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Airbrushing Scale Model Aircraft

Airbrushing Scale Model Aircraft

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Airbrushing Scale Model Aircraft

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Lançado em:
Sep 23, 2018


Airbrushing Scale Model Aircraft is a practical guide to the application and techniques of painting aircraft in any scale. It provides guidance on buying airbrushing equipment, setting it up and operating it safely, and offers detailed explanations of how airbrushes and compressors work, alongside their various components. The reader is taken through basic exercises to learn how to control airbrushing equipment before moving on to more advanced paint application techniques. This book also includes guides to preparation, information on the use of primers, and a handy troubleshooting guide to help identify and resolve common faults. Richly illustrated and filled with step-by-step guides to paint application for model aircraft, this book is an essential reference and practical guide for anyone looking to airbrush model aircraft in any scale and will be of great interest to plastic modellers, particularly aviation, from beginner to experienced modeller.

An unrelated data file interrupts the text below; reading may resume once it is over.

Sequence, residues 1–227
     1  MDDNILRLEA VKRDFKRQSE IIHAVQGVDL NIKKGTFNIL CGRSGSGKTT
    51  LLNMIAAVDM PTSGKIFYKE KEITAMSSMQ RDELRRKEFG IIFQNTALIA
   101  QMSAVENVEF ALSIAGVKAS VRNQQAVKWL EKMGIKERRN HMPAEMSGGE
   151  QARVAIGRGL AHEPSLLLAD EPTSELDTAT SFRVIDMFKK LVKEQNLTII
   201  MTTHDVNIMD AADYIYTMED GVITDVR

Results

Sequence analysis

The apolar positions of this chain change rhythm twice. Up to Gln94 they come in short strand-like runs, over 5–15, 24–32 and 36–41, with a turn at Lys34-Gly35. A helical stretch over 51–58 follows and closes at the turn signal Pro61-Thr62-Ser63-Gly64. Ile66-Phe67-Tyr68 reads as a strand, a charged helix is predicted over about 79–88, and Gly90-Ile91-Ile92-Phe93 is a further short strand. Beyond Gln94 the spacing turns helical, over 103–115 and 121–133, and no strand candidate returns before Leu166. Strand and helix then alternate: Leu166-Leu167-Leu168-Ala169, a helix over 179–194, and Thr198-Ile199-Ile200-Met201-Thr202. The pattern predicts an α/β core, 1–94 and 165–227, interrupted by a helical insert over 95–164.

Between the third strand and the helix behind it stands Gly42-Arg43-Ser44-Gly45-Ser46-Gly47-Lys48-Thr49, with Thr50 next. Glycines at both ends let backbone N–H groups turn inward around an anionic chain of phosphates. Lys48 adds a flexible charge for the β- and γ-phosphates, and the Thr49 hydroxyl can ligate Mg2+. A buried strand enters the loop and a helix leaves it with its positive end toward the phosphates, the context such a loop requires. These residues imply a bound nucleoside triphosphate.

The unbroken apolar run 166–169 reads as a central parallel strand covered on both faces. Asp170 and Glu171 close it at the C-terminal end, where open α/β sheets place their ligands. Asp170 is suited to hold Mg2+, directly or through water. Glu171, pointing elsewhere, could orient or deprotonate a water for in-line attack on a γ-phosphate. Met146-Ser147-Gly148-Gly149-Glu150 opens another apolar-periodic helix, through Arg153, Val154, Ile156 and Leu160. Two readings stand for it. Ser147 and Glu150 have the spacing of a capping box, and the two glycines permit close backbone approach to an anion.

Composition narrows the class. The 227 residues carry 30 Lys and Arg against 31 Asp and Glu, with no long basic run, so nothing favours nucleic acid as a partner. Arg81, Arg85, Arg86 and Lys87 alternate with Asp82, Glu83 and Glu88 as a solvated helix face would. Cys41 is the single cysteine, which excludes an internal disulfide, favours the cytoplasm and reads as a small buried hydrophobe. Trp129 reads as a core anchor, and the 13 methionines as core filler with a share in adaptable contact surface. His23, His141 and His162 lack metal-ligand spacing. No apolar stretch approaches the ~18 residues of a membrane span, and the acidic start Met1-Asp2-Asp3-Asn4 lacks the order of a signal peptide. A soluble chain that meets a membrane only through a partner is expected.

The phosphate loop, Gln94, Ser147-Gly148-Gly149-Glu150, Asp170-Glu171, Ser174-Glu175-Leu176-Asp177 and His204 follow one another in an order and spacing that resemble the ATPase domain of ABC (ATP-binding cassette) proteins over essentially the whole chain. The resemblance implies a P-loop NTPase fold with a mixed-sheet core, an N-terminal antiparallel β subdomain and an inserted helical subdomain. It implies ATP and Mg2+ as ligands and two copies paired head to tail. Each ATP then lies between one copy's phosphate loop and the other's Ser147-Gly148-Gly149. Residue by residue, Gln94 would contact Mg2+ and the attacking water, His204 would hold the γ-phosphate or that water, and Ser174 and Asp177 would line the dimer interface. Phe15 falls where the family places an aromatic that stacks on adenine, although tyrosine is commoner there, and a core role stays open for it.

Lançado em:
Sep 23, 2018

Sobre o autor

Robin Carpenter worked on refurbishing real aircraft in a variety of settings for over twenty years, and has been a keen modeller since childhood. Combining his past aviation experience and modelling skills, he has been teaching airbrush classes for beginners at The Airbrush Company since 2005. This is his first book for Crowood.